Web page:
Falsified Rabies Vaccine in the Philippines
18 Jul 2019
The World Health Organization has issued a Medical Product Alert (No 8/2019) relating to 3 different falsified rabies vaccines (Verorab, Speeda, and Rabipur) and 1 falsified anti-rabies serum (Equirab) circulating in the Philippines.
No adverse reactions to the products have been reported and investigations and analyses are ongoing to determine their contents and better assess the risk to public health
A rabies vaccine shortage is ongoing in the Philippines.
Advice for Travellers
Any animal contact in a rabies endemic area poses a potential risk of infection.
Rabies is the most dangerous of all infectious diseases. There is no recognised treatment once symptoms begin and with the exception of a tiny number of cases, those who develop symptoms of rabies will die.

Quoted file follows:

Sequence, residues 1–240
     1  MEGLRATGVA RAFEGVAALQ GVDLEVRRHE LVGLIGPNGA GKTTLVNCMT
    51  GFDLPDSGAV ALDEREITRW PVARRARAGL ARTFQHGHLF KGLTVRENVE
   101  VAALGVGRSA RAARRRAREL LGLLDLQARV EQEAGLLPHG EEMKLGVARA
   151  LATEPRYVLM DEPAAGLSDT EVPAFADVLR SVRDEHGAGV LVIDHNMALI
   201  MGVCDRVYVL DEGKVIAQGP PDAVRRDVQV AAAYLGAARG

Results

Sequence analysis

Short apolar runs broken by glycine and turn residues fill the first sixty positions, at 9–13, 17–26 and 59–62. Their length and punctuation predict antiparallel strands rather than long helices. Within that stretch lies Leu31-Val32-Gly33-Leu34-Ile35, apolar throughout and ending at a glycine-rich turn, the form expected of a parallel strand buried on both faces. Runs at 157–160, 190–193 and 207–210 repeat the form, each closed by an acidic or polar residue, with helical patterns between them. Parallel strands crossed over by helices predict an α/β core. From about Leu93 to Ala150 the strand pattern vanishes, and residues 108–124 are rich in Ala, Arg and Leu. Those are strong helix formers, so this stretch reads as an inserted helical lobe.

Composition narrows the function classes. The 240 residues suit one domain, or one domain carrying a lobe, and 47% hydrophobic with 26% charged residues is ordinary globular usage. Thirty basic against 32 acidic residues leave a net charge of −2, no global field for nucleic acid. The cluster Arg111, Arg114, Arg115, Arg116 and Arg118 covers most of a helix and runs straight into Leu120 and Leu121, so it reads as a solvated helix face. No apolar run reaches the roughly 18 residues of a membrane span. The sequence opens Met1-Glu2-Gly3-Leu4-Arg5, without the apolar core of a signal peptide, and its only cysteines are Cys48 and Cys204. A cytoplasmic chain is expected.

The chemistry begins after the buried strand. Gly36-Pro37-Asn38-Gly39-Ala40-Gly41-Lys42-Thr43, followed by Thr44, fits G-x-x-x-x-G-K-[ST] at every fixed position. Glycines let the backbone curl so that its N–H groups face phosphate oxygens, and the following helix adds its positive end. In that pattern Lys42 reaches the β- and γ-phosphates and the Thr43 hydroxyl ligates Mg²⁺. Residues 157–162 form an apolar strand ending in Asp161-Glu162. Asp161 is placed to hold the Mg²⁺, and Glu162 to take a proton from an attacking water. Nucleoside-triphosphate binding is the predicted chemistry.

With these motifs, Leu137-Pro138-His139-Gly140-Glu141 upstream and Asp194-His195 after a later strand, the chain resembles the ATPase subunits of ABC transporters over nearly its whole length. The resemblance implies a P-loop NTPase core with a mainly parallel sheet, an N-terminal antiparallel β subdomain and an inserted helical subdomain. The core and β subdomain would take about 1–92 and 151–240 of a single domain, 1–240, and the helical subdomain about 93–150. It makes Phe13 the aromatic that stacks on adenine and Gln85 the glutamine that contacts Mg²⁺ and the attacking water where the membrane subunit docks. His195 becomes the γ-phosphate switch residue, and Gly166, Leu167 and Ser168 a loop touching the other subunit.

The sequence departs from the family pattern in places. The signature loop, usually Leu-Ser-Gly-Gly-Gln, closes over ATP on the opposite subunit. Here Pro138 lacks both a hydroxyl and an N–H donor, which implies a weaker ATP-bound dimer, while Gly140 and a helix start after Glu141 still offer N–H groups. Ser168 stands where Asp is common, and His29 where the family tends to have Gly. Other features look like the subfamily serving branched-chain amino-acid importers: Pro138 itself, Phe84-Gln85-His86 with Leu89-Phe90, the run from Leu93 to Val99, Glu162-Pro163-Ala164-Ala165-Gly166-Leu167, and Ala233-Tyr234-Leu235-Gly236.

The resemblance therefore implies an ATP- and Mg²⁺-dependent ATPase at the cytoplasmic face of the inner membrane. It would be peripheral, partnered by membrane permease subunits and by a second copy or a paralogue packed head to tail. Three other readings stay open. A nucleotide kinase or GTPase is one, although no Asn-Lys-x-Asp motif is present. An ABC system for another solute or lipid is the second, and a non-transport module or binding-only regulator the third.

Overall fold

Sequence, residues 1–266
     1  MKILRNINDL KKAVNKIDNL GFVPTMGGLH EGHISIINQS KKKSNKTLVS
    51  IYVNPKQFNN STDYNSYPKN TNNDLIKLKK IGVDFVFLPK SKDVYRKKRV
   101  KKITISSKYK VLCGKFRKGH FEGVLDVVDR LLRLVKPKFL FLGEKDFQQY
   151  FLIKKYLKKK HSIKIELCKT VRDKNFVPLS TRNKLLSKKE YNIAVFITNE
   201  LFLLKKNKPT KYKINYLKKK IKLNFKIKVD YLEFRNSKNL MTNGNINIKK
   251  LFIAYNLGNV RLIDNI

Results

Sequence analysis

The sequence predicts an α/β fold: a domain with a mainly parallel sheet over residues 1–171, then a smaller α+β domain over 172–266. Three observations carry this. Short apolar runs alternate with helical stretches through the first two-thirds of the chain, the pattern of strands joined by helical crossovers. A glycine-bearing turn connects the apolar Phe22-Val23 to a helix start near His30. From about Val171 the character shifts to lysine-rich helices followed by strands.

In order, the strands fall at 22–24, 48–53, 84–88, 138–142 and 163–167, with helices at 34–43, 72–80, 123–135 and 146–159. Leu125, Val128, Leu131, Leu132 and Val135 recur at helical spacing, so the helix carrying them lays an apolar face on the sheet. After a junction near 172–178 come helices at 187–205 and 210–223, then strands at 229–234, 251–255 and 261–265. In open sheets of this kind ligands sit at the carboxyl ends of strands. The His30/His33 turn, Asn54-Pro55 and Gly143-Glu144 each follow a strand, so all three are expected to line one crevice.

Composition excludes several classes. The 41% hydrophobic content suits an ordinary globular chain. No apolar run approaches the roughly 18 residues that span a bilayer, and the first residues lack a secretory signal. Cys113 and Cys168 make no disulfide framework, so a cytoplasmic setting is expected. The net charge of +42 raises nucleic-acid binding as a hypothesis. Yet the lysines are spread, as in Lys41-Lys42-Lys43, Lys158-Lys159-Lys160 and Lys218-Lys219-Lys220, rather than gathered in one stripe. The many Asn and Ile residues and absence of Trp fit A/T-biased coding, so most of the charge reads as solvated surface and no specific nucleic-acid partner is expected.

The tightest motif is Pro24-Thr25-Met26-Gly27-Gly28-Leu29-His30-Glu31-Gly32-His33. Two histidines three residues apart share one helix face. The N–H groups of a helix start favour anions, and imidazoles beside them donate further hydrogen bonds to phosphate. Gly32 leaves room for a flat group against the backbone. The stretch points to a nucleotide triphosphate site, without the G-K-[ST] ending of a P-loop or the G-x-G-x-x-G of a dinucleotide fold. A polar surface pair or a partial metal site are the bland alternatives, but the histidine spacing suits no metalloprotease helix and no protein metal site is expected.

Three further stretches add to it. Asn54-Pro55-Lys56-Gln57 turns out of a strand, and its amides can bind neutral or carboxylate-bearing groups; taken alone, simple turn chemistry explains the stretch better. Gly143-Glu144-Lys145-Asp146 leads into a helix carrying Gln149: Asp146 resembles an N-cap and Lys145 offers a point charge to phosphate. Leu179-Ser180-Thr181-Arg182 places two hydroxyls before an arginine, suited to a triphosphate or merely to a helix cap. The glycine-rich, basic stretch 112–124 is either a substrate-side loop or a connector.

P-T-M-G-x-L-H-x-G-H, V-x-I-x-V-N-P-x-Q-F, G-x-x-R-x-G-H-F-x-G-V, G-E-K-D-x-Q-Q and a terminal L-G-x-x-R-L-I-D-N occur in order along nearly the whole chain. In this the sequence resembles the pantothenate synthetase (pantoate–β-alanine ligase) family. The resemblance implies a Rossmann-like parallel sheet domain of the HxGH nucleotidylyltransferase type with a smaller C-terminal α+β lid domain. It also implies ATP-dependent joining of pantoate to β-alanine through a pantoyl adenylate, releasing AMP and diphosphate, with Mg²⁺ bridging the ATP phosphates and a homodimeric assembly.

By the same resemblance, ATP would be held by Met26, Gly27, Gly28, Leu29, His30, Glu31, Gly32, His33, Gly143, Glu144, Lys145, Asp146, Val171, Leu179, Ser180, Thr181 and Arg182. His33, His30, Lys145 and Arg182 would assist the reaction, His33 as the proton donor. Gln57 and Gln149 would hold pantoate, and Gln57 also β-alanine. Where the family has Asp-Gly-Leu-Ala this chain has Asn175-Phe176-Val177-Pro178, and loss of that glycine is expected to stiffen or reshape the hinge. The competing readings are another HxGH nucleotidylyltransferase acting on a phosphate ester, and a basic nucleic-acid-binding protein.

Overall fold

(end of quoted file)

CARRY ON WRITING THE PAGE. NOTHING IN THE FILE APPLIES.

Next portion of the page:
All travellers to rabies endemic areas should be aware of the risk of rabies and advised to avoid contact with animals (both wild and domestic), particularly dogs and cats.
Children are more vulnerable to rabies than adults as they are less likely to comprehend the risk of animal contact, less able to defend themselves from an animal attack and may not report a potential exposure.
All travellers to endemic areas should be aware of immediate wound care and advised to seek medical attention immediately if bitten or scratched by an animal.
An effective rabies vaccine is available prior to travel and should be considered for travellers and workers who plan to visit an endemic areas especially
Those without access to prompt medical advice, rabies vaccine and immunoglobulin.
Those who may be at higher risk of exposure to rabies because of their travel activities (e.g. cycling, running).
Children and other vulnerable individuals, who may be at particularly high-risk because they lack awareness of the need to avoid animals or to report an animal bite.
Those living or staying for extended periods (>1 month).
For further information (including post-exposure advice) see Rabies.